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Cover Story: (12) Ewan MacColl's Dirty Old Town. Dubliners, Pogues or the Ian Campbell Folk Group?

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It is hard to believe that 68 years have passed since Ewan MacColl wrote perhaps his second best known song, Dirty Old Town. MacColl composed compellingly on many subjects, from the challenges of modern society to travelling people and the anti-social ways of landowners to the everyday lives of trawlermen, tunnel labourers and apprentice fitters.

He was a demanding character; our folk club in Bishop Auckland had to drop plans to book him at sight of his list of conditions about nature and composition of the makeshift stage and audience discipline. Which of many versions of Dirty Old Town would have won his approval? Some readers may know the answer. Bill Taylor (that's him above) offers his own preferences for the Cover Story series, Bill's appearances on these pages illustrating that they are open to guest contributors ...

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Cover Story: (11) Christy Moore or Mary Coughlan. Ride On and horses for courses



First, a spot of housekeeping
for the Cover Story series.

As sharp observers will already have noticed, "or" replaces "vs" in the headline. I shall get round to changing the previous 10 posts in the series since the purpose of the exercise is much more to draw attention to different versions of songs than to play artists off against one another.


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Folk free: Herman's Hermits, Tom Courtenay and an ode to Mrs Brown's Daughter

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Does the fact that Sunderland supporters adapted the first big Herman's Hermit hit,  I'm Into Something Good, make it - and the band - part of the folk tradition? You're right, it does not.
Bill Taylor - I must be quick to shift the blame and that's him above - admitted this was an 'audacious/outrageous new submission'. It didn't stop him submitting it ... but stand by for a more interesting read than you thought possible on the subject of another of their hits, Mrs Brown You've Got a Lovely Daughter, and its origins. And to illustrate why I am no good at pub quizzes, if asked who had the hit, I'd have got it completely wrong and replied Joe Brown and the Bruvvers. Well, there could be innocent explanations for him singing such praises of a girl also called Brown ...

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Newport and Cambridge folk festivals: a marriage made in heaven?

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Not the Joan Baez we usually see - but this was from the 1965 Newport FF

From my old friend Claire Horton, a steadfast folk and roots publicist, comes news of an exercise in town twinning that may well outstrip the link forged by Bishop Auckland and the Parisian suburban town of Ivry-sur-Seine (my parents couldn't afford to send me on the school trips, but I did play badminton there much later while living in Paris). Two of the world's greatest folk festivals - Cambridge (UK university city, not Massachusetts) and Newport (Rhode Island, not IoW) - are coming together in what Claire calls a "historic twinning" that will herald a "unique new transatlantic artistic relationship".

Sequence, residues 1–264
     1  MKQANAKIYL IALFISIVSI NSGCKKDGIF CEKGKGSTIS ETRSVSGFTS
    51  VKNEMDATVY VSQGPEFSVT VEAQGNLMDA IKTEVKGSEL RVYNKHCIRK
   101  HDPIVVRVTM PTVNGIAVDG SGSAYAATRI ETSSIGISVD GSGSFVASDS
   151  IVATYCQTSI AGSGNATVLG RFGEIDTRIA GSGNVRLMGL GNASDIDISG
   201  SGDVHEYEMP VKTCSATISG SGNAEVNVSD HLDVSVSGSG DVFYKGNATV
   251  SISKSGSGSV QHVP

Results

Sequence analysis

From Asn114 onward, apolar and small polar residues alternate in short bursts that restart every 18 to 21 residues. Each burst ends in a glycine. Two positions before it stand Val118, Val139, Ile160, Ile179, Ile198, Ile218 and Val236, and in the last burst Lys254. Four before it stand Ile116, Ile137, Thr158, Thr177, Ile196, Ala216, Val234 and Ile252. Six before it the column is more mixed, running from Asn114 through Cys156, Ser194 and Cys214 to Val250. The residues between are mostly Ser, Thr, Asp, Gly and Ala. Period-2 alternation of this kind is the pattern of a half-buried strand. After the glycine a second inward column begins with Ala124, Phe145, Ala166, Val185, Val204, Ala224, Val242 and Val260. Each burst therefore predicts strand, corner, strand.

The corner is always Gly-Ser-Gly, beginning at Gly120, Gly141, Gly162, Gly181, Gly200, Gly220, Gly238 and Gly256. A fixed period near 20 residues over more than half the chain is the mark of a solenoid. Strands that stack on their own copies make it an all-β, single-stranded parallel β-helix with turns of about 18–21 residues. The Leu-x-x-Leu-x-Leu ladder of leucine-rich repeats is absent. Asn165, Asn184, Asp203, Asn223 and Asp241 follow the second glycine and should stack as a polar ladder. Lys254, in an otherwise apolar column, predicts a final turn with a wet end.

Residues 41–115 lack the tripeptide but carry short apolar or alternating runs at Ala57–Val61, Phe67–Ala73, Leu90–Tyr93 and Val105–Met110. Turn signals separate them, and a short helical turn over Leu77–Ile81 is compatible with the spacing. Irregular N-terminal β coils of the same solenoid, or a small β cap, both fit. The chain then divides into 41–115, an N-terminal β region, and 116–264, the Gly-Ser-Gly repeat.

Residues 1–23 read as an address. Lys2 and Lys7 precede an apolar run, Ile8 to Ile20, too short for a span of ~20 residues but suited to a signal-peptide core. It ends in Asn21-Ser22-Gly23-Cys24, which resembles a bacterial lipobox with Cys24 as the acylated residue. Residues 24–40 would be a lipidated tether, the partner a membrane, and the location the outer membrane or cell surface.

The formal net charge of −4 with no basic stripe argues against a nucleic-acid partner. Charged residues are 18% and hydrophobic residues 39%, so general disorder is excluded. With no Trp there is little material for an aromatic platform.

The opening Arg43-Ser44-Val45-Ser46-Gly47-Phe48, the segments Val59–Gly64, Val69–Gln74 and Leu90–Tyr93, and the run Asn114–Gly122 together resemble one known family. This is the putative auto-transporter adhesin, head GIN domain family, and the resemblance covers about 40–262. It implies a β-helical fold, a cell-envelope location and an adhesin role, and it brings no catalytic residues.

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Cover Story: (10) Bert Jansch or Neil Young. Needle of Death


Who said folk music has to be cheerful? Some of the best songs from the tradition, and also from the pens of contemporary writers, tackle bleak subjects. Has a better song been written on premature death from drug addiction than Bert Jansch's Needle of Death?

Diehard Neil Young fans - and I would include my elder daughter, Christelle, who is a publicist and has worked with him - would probably offer The Needle and the Damage Done as a contender. Like Jansch's song, it was inspired (at least in part) by the death of a good friend from the same cause, in Young's case Crazy Horse's Danny Whitten.

Clips I have viewed of that song show Young in considerably clearer voice than we find on his much later version of Needle of Death. It is perhaps unfair to choose, by way of comparison, an obviously younger Jansch singing his own song. But Young fans positively queue up to acclaim his shakier delivery; "that quavering voice will go with me to the grave one day," one said in a YouTube comment.

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Cover Story: (9) Leonard Cohen or the Drifters. One last dance

Photo on 08-11-2016 at 18.51 #2



Cover Story - see all items in the series here - goes from strength to strength. My second guest contributor, Sue Nicholson, is - like Bill Taylor - someone I worked with decades ago in the little district offices of the Northern Echo, Evening Despatch and Auckland Chronicle above Bell's insurance company in Bishop Auckland. They were lively days, affectionately remembered (didn't Mr Bell raise a polite but firm protest when we mistook our office for a football pitch and a less polite but firmer one when a window was accidentally smashed?).

Sue volunteered this fascinating comparison of the Drifters' classic, Save the Last Dance For Me, pointing out that it was, for Leonard Cohen, the song he chose to close concerts on his final tour (what you see was recorded in Auckland in December 2013 - yes, that's the other Auckland) while the Drifters are captured in live performance in 1974 ...



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